The manner in which public or in-house examinations affect teaching and learning processes in English as Second Language (ESL) classrooms is normally explained as “washback” or “backwash” (These terms are interchangeably used to denote the same meaning). Currently a large number of definitions have been suggested by language scholars for the notion “washback” right through the accessible researches and relevant literatures on ESL language testing. In this paper I prefer to employ the term “washback” alone to interpret the same situation. At the beginning, the present study attempts to focus on range of definitions of washback. Thereafter, it tries to recognize the parallel terms introduced by other language researchers; after having adequate discussion and reviewing on different definitions, the researcher’s ultimate aim of this paper is to introduce new views on washback with correct pedagogical implications for ESL practitioners; this fresh insight relevant to washback effect on teaching and learning process is doubtlessly believed to help language practitioners to implement the ESL programme effectively. The research method applied for this investigation is based on ethnographic perspective qualitative research components and the subjects for this investigation were thirty Tamil medium undergraduates in the Faculty of Arts, University of Jaffna, Sri Lanka.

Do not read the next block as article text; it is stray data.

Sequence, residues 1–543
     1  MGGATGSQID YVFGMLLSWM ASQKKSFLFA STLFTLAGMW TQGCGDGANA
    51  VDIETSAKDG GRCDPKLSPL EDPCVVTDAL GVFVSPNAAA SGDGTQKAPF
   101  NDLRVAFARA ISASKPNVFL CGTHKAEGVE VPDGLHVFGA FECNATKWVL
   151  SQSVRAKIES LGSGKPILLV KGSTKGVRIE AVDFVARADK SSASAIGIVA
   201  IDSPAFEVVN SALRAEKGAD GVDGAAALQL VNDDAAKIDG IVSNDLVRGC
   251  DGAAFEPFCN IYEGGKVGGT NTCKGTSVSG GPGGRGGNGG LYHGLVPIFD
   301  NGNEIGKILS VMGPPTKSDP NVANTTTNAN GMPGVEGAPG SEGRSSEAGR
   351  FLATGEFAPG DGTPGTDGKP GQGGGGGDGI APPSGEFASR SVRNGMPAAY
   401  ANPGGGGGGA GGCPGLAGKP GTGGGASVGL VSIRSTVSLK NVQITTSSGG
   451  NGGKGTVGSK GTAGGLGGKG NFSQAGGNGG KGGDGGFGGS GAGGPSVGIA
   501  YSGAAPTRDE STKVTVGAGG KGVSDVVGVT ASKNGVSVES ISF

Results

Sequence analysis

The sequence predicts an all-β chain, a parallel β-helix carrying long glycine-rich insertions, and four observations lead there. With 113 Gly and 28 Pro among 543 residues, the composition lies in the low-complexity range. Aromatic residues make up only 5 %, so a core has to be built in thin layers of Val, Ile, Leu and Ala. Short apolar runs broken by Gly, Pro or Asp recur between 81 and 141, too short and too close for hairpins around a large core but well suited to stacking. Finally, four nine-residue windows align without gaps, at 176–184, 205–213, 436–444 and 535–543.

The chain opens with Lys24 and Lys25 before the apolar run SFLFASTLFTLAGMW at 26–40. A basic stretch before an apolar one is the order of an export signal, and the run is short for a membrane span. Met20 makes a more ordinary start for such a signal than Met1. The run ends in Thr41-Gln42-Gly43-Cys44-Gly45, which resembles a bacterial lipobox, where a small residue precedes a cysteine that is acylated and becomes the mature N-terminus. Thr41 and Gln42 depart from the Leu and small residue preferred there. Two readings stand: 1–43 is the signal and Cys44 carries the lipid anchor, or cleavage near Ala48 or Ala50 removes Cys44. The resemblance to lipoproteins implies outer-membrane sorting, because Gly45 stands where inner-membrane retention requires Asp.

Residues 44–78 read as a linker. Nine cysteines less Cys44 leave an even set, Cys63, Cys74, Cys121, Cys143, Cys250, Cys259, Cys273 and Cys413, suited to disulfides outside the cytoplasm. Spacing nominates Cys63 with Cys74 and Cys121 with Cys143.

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‘Hitches in English Language Learning among Engineering Students’ by Dr. S. Radhika

Abstract

As English teachers we were not satisfied when we return after the class to our seats. There appears a lacuna in the teaching-learning process. English is seen and is taught as a subject and not as a language. The paper aims to throw light on the factors of impediments in English language learning among the engineering students and to find possible solu-tions to overcome the hindrances. The three factors that determine the success of language learning process are: Classroom, Students and Teachers. The availability of resources in the classroom, the attitude of the learners and the methodology used by the teachers are considered the reasons or obstacles in the language learning process. Adequate facilities in the class-room, students’ mindset to learn the language and the innovative teaching practices by the teachers may enhance the teach-ing-learning process and helps the students to acquire the English language like their L1.

Index terms: Language- impediments- learning- engineering- teaching- English